San Francisco voters appear to have recalled District Attorney Chesa Boudin in Tuesday’s election, according to initial unofficial results.
The group Safer SF Without Boudin late last year had gathered tens of thousands of signatures to get the recall on the ballot, alleging that Boudin, a former San Francisco deputy public defender who had been elected district attorney in November 2019, was too lenient on repeat offenders and failed to prioritize public safety.
The decision went on the ballot as Proposition H, which had more than 60 percent of the city’s voters in favor of recalling Boudin with more than half of the city’s precincts reporting and nearly 117,000 votes counted as of late Tuesday night. If the recall is certified and Boudin is removed from office, Mayor London Breed would then appoint an interim district attorney.
Mary Jung, chair of the Safer SF Without Boudin campaign, declared victory in the recall effort in a statement following the initial results.
“Election results show that San Franciscans and Democrats of all stripes, from every neighborhood, want new leadership to manage a DA’s office that has been in chaos. San Franciscans want leadership that holds serious, violent, and repeat offenders accountable while never forgetting the rights of victims and their families,” Jung said.
“DA Boudin was made a scapegoat for a city facing numerous societal challenges, many of which existed before he took office, some of which were the result of the unprecedented stresses of the pandemic and almost all of which are beyond the ambit of a prosecutor’s reach or role.”Miriam Krinsky, Fair and Just Prosecution
Miriam Krinsky, executive director of the group Fair and Just Prosecution, which describes itself as a “national network of elected prosecutors working towards common-sense, compassionate criminal justice reforms,” said she was “disappointed” in the results.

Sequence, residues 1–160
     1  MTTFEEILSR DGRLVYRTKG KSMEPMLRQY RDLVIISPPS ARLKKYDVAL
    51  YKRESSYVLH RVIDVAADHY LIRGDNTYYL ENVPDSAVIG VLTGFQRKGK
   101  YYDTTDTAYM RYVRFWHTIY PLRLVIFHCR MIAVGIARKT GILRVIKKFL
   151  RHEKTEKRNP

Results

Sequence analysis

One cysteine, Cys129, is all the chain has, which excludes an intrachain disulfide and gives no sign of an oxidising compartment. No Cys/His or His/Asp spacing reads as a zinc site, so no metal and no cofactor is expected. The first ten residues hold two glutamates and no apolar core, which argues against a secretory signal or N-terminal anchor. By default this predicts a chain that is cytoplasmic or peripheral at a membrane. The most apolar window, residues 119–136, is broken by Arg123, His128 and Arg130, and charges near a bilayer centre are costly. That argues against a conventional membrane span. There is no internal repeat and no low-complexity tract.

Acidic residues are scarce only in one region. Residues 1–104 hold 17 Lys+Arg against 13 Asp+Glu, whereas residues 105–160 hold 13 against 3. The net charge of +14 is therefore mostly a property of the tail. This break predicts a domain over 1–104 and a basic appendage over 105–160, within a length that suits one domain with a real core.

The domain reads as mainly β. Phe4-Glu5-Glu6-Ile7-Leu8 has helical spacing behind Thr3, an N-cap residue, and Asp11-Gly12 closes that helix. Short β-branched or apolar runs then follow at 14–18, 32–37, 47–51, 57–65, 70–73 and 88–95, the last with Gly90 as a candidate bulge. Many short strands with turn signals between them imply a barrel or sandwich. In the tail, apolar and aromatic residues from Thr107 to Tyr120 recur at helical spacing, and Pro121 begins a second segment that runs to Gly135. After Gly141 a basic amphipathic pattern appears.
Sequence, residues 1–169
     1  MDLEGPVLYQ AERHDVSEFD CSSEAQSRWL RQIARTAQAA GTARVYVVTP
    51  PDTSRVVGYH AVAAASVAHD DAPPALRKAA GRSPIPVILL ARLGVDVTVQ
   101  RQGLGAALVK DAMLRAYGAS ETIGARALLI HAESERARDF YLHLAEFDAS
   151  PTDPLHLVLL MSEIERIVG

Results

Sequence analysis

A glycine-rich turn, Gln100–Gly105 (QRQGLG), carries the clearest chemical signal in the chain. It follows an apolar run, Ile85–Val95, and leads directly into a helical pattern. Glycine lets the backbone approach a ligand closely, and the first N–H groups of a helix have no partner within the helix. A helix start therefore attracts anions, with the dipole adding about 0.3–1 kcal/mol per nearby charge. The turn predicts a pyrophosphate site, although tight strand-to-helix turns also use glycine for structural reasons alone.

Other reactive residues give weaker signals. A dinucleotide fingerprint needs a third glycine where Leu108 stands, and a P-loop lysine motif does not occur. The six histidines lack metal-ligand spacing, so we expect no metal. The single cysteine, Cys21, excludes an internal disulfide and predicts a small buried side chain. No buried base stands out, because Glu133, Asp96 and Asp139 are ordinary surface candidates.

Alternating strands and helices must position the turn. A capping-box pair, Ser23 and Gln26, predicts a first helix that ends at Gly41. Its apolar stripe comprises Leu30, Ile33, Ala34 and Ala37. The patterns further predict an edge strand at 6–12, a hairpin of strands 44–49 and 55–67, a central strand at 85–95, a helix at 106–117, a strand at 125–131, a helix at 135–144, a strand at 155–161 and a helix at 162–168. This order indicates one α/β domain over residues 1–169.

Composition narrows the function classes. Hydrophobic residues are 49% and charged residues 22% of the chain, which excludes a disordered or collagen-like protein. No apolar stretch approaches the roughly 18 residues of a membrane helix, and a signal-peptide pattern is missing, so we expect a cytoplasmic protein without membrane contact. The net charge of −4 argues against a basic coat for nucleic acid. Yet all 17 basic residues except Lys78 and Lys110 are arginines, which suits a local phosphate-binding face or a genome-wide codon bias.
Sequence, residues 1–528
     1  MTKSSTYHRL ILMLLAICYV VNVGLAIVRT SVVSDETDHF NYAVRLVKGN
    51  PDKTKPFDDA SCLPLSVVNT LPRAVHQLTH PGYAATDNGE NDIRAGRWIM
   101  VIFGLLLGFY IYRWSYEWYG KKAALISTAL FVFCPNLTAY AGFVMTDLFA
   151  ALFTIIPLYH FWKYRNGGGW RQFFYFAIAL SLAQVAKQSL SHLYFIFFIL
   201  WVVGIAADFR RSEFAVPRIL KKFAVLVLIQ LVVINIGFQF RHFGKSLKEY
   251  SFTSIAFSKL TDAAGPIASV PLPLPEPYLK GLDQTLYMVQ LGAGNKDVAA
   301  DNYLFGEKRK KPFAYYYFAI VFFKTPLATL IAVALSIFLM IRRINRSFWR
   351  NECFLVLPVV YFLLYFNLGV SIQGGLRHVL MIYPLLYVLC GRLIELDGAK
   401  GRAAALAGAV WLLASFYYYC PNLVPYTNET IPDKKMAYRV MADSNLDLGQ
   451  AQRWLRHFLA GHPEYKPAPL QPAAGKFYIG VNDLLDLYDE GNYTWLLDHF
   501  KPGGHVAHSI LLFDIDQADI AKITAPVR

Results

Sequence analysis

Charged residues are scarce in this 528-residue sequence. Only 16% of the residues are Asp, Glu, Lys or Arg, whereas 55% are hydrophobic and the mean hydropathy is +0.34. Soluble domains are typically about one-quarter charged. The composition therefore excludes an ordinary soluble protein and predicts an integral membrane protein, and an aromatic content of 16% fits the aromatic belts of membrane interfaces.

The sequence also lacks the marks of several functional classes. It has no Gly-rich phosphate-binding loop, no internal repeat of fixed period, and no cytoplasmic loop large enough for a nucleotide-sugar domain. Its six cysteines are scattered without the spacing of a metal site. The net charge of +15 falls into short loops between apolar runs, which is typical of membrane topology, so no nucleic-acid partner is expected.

“DA Boudin was made a scapegoat for a city facing numerous societal challenges, many of which existed before he took office, some of which were the result of the unprecedented stresses of the pandemic and almost all of which are beyond the ambit of a prosecutor’s reach or role,” Krinsky said.
The issue of recalls, especially following the failed 2021 recall of Gov. Gavin Newsom — the former mayor of San Francisco — prompted several members of the city’s Board of Supervisors to approve putting a measure on Tuesday’s ballot that would place additional limits on when recall elections can be held.
That measure, Proposition C, however, had less than 40 percent approval so looks set to fail, based on the initial unofficial results.
The measure sought to extend a ban on initiating recall petitions from six to 12 months after someone has assumed office, prohibit the submission of a recall petition if the subsequent election would be held within 12 months of a regularly scheduled election for that office, and disallow any interim officer appointed to a vacancy created by a recall to be a candidate in the subsequent election.